He believes that the earth is flat.

1-Then he has to be crazy.
2-They he should be crazy.
3-Then he ought to be crazy.
4-Then he must be crazy.

Are all of the sentences 1 to 4 acceptable in response to the first sentence.
Original Post
I would accept only 1 and 4, which represents a logical conclusion, with has to perhaps being slightly stronger than must.

By the way, let's not forget has got to. Smile
We have always been taught that "must" can be used to express "logical necessity" or "logical conclusion", but this is the first time I have known that "have to" or "have got to" can be used to express the same thing! My friend tells me that this is restricted to AmE only, is this true, Richard? I mean is it acceptable to say:
- He has (got) to be rich.
- They have (got) to have stolen it.
Last edited by tonyjab
As I've said before, Tony, I'm no expert on BrE, but I do know they would certainly understand the two example sentences you've given us.

One thing about the second one: It's fine, but I don't think most people would opt to say that simply because it's so wordy. We tend to opt for shorter, more concise phrasing, so saying something containing four syllables (have got to have plus the repetition of one element (have) is not as efficient and easy as simply using two syllables (must have). That's just a hunch, of course.

I honestly do think that those hard-and-fast rules you've come across are changing slowly but surely, Tony.

I'm an ardent fan of a TV show from London called EastEnders. I've been watching that show for something like 15 years! Over the years, I've noticed linguistic changes. One that comes to mind immediately is that they never used to use okay. Where a North American would use okay in a tag question, they would always say yeah or right. For example ...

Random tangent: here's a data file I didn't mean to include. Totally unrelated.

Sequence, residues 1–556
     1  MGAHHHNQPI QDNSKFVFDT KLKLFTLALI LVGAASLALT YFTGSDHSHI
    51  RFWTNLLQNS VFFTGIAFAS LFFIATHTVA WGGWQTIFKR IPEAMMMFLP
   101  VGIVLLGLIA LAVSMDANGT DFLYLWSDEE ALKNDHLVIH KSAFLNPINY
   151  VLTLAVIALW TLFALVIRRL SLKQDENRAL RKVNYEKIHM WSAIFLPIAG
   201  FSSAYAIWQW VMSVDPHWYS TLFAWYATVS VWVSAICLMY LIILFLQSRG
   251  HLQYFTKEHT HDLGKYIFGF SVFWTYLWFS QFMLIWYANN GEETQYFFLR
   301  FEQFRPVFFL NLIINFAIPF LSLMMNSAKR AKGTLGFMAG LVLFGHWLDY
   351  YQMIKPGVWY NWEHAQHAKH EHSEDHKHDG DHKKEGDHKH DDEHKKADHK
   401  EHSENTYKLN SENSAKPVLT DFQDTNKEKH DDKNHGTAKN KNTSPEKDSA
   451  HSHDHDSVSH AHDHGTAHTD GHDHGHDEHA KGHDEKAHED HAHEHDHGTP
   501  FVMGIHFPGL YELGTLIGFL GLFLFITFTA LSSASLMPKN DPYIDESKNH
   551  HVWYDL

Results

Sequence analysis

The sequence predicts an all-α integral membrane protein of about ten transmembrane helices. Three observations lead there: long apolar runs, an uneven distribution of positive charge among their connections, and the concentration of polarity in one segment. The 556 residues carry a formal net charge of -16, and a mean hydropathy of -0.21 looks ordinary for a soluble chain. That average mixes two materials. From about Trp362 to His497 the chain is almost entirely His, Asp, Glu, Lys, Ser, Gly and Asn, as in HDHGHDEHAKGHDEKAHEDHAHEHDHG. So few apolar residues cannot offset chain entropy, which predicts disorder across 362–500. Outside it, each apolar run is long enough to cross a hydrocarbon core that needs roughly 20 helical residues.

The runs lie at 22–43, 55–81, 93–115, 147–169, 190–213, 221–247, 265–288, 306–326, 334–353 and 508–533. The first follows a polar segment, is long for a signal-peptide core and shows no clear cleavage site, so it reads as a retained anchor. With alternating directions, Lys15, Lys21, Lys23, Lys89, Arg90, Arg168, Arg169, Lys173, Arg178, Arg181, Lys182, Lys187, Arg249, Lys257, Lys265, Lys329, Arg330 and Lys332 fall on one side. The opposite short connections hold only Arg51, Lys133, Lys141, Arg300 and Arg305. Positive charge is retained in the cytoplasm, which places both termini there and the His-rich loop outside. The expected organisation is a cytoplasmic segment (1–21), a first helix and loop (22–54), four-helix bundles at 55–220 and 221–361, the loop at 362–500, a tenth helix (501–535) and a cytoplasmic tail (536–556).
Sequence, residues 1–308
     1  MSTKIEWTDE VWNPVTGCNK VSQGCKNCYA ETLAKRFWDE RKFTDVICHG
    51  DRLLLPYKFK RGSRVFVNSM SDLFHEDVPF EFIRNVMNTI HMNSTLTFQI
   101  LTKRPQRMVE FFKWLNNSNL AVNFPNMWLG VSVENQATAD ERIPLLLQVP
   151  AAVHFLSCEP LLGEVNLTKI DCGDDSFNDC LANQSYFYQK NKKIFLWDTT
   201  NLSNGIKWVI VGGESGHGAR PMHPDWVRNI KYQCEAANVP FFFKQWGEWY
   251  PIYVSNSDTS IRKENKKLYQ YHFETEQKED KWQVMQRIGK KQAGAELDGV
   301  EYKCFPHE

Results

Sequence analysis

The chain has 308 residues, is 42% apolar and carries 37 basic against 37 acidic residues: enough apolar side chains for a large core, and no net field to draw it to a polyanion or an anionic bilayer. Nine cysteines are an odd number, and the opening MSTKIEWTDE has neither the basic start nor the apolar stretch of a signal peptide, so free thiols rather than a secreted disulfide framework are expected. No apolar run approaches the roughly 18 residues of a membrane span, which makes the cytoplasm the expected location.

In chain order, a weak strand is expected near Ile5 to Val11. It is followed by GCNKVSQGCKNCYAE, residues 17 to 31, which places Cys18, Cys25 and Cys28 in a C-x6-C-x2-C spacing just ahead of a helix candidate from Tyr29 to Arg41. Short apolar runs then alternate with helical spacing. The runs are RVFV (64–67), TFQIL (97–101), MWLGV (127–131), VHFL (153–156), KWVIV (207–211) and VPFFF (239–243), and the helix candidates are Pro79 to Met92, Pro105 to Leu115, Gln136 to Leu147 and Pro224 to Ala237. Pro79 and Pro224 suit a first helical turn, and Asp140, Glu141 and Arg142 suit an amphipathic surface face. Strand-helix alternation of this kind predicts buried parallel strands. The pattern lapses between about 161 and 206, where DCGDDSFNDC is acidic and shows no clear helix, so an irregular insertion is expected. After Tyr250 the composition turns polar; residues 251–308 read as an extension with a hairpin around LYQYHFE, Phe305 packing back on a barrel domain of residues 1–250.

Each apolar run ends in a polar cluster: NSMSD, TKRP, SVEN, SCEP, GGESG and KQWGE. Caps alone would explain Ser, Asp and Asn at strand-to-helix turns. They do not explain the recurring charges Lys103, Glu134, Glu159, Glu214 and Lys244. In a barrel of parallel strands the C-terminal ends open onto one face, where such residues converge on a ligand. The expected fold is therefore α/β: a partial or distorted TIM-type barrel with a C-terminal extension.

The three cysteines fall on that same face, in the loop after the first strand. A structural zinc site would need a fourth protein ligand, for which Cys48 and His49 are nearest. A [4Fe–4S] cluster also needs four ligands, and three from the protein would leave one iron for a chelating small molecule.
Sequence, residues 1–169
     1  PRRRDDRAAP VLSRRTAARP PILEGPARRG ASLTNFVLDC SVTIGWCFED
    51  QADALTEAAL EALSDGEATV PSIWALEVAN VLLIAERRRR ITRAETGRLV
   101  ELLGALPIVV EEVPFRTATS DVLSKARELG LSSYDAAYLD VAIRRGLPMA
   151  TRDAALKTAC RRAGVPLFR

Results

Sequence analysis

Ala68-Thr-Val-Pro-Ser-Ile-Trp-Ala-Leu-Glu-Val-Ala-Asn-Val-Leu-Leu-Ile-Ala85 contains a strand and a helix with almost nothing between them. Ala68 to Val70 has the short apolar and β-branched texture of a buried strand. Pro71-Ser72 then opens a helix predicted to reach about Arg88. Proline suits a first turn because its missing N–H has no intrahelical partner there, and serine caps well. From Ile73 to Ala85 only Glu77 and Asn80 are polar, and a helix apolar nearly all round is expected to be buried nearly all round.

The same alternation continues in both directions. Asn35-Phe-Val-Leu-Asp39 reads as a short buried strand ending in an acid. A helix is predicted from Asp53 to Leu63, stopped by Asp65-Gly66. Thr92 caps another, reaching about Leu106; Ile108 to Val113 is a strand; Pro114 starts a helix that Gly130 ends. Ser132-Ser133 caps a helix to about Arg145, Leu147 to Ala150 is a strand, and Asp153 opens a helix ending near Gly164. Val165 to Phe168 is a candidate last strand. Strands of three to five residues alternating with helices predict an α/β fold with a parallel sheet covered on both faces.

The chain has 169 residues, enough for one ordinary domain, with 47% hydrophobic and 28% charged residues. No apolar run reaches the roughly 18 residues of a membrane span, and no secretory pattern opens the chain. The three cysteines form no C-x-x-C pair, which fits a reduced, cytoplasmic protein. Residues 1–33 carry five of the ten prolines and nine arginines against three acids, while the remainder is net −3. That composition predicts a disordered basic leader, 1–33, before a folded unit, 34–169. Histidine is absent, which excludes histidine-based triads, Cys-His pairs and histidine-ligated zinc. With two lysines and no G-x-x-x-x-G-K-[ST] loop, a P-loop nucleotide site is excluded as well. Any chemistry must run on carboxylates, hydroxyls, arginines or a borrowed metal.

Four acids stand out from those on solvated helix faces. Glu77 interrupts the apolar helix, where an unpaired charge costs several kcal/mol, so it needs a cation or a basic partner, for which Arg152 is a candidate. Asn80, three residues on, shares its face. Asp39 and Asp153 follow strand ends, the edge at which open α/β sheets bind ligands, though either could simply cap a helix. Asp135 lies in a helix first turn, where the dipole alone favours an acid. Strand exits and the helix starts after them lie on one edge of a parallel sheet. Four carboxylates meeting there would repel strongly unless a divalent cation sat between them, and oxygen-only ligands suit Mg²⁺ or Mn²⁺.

BrE:
A: I'll meet you at the pub at lunchtime, yeah?
B: Fine. See you then.

AmE:
A: I'll meet you at the pub at lunchtime, okay?
B: Fine. See you then.

But now I hear the British using okay more and more. True, that's only one little vocabulary item, but it's symptomatic of changes that may be happening on one or both sides of "the Pond," as many people refer comically to the Atlantic Ocean.

Anyway, getting back to your two examples, Tony, it's more likely that you'll hear He's got to be rich as an alternative to He must be rich, but He must have/must've stolen it rather than They have got/'ve got to have stolen it.
Thanks Richard! By the way should we use "in" or "on" with the word "expert"?

I am no expert (on/in) BrE.

Is there a difference?
Great question, Tony! Smile

The way I see it, Tony, an expert in something is somebody who can use or participate in doing whatever is mentioned. For example, an expert in English grammar / an expert in needlepoint / an expert in kayaking.

An expert on something is somebody who has a great amount of knowledge about a specific subject. For example, an expert on the Amarna Period in 18th Dynasty Egypt / an expert on DNA forensics / an expert on parliamentary procedure.

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